Image

12:34 PM / Saturday July 2, 2022

20 Jun 2014

Trademark board rules against Redskins name

  • Facebook
  • Twitter
June 20, 2014 Category: Week In Review Posted by:

By Joseph White

Associated Press

WASHINGTON — The U.S. Patent Office ruled Wednesday that the Washington Redskins nickname is “disparaging of Native Americans” and that the team’s federal trademarks for the name must be canceled.

The 2-1 ruling comes after a campaign to change the name gained momentum over the past year. The team doesn’t immediately lose trademark protection and is allowed to retain it during an appeal, which is likely.

Redskins owner Dan Snyder has refused to change the team’s name, citing tradition, but there has been growing pressure including statements in recent months from President Barack Obama, lawmakers of both parties and civil rights groups.

The decision means that the team can continue to use the Redskins name, but it would lose a significant portion of its ability to protect the financial interests connected to its use. If others printed the name on sweatshirts, apparel, or other team material, it becomes more difficult to go after groups who use it without permission.

The case involves six registered trademarks that involve the use of the word Redskins, but it does not apply to the team’s logo.

The decision by the Trademark Trial and Appeal Board is similar to one it issued in 1999. That ruling was overturned in 2003 in large part on a technicality after the courts decided that the plaintiffs should have filed their complaint soon after the Redskins registered their nickname in 1967.

The new case was launched in 2006 by a younger group of Native Americans, and was heard by the board in March of last year.

The group argued that the Redskins should lose their federal trademark protection based on a law that prohibits registered names that are disparaging, scandalous, contemptuous or disreputable.

Suzan Shown Harjo, one of the plaintiffs who testified at last year’s hearing, said she was “thrilled and delighted” with the decision. Snyder declined to speak to reporters as he walked off the practice field, but the team said it planned to release a statement later in the day.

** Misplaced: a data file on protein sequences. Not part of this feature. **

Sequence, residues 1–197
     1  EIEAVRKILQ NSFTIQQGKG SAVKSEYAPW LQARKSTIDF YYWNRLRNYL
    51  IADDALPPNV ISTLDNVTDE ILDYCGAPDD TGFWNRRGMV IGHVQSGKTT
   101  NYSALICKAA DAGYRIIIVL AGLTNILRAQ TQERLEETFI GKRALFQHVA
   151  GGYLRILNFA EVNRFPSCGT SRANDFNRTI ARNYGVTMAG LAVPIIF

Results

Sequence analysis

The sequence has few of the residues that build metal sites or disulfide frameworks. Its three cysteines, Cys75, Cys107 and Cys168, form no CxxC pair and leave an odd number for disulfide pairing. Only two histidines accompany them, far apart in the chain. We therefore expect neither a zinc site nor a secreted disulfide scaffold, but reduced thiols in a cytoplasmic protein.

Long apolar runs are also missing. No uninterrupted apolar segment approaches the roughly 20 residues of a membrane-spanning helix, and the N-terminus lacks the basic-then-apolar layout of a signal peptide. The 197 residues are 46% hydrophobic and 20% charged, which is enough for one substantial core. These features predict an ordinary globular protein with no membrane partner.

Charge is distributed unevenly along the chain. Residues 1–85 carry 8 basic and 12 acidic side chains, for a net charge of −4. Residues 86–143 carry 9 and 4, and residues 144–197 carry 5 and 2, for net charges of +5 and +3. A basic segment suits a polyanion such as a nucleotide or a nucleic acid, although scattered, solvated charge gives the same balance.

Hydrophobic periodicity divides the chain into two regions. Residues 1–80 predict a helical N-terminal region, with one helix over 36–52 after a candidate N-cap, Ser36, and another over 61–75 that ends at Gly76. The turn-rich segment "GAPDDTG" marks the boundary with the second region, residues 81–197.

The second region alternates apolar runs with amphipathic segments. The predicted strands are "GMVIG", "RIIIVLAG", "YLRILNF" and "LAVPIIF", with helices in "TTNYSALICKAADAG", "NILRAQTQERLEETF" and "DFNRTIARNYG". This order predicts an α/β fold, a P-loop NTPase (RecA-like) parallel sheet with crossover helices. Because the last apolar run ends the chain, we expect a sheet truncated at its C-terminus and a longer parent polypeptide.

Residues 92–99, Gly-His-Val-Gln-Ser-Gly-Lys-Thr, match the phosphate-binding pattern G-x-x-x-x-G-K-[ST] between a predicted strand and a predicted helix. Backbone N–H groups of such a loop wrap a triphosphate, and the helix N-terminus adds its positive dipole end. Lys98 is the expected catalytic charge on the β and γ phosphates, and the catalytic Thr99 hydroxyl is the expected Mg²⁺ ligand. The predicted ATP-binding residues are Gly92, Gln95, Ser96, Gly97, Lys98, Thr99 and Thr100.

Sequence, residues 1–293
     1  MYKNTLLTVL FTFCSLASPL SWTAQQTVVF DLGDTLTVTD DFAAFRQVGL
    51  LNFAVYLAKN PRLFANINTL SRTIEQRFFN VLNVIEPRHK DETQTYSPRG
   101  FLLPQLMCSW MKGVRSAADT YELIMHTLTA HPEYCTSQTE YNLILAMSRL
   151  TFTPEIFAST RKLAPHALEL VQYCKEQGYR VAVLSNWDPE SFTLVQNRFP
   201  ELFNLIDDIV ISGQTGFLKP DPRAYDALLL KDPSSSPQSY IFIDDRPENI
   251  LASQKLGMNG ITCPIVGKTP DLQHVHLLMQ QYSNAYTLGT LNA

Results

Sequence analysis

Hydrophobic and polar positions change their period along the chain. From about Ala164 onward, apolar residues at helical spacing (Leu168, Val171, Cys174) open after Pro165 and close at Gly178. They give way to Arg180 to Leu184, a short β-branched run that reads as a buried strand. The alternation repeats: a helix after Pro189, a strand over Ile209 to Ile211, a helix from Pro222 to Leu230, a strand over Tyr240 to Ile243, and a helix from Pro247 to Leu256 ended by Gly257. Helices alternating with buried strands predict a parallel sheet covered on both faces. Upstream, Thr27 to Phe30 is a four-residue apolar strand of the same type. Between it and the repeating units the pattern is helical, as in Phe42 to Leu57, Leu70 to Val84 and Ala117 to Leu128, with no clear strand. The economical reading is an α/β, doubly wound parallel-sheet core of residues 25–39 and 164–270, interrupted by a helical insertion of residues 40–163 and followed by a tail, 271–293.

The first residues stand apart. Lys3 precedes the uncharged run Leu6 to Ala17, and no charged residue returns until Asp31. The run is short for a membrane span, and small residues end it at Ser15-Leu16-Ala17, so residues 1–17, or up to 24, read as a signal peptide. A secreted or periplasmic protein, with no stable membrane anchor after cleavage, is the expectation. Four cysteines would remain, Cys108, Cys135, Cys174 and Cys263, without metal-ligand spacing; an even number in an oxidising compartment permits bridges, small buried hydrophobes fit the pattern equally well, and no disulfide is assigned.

In Washington, lawmakers who have pushed for a name change applauded the decision. In May, half of the Senate wrote letters to the NFL urging the team to change its name.

“Daniel Snyder may be the last person in the world to realize this, but it’s just a matter of time until he is forced to do the right thing and change the name,” said Senate Majority Leader Harry Reid, who has said previously he will not attend home games until the team changes its name.

This decision by the TTAB does not necessarily put an end to the larger dispute between the parties, as Pro Football, Inc. may seek review by a federal court of today’s decision. The registrations will remain “on the federal register of marks” and not be listed in the USPTO’s records as “cancelled” until after any judicial review is completed.

•  What this decision means: if the cancellation of the registrations for the trademarks involved in this case is not appealed or if affirmed following possible review by a federal court, Pro Football, Inc., as record owner of the involved registrations will lose the legal benefits conferred by federal registration of the marks. These benefits of federal registration include:

— the legal presumptions of ownership and of a nationwide scope of rights in these trademarks;

— the ability to use the federal registration ® symbol, and;

Image

—  the ability to record the registrations with the U.S. Customs and Border Patrol Service so as to block the importation of infringing or counterfeit foreign goods.

•  What this decision does not mean: this decision does not, however, require the Washington D.C. professional football team to change its name or stop using the trademarks at issue in this case.

— Losing the federal registration of a trademark does not necessarily mean that the owner loses all legal rights in the mark. This is because trademark rights in the United States come from use of a mark on or in conjunction with goods or services, not merely from the additional, optional step of federal registration.

— The TTAB determines only whether a mark can be registered with the federal government (and thus gain the additional legal benefits thereof), not whether it can be used.

— The mark owner may still have rights in the mark based on use, known as “common law” rights – and those use-based rights may continue to exist even if a federal registration is cancelled.

  • Facebook
  • Twitter

Leave a Comment

Recent News

Stateside

Just the beginning

July 1, 2022

Tweet Share Pin Email Over 150,000 people from around the country participated in the Mass Poor Peoples...

Commentary

Commentary
The fine print

July 1, 2022

Tweet Share Pin Email While we do need to pay attention to Supreme Court Justice Samuel Alito’s...

Education

Community College of Philadelphia to pay off $1.4 million in outstanding student account balances

June 17, 2022

Tweet Share Pin Email Community College of Philadelphia announced that it will pay off more than $1.4...

Color Of Money

Americans still have financial goals, just not sure how they will reach them

June 24, 2022

Tweet Share Pin Email BPT If you have a vision for where you’d like to be financially...

Politics

Takeaways: Trump’s mind ‘made up’ on fraud ahead of Jan. 6

June 17, 2022

Tweet Share Pin Email ABOVE PHOTO: A video exhibit plays as the House select committee investigating the...

Go With The-Flo

Sherri Shepherd’s talk show, “Sherri,” to air in place of former “The Wendy Williams Show”

June 17, 2022

Tweet Share Pin Email ABOVE PHOTO: Sherri Shepherd (Photo: s_bukley / Shutterstock) By Flo Anthony After 13...

The Philadelphia Sunday Sun Staff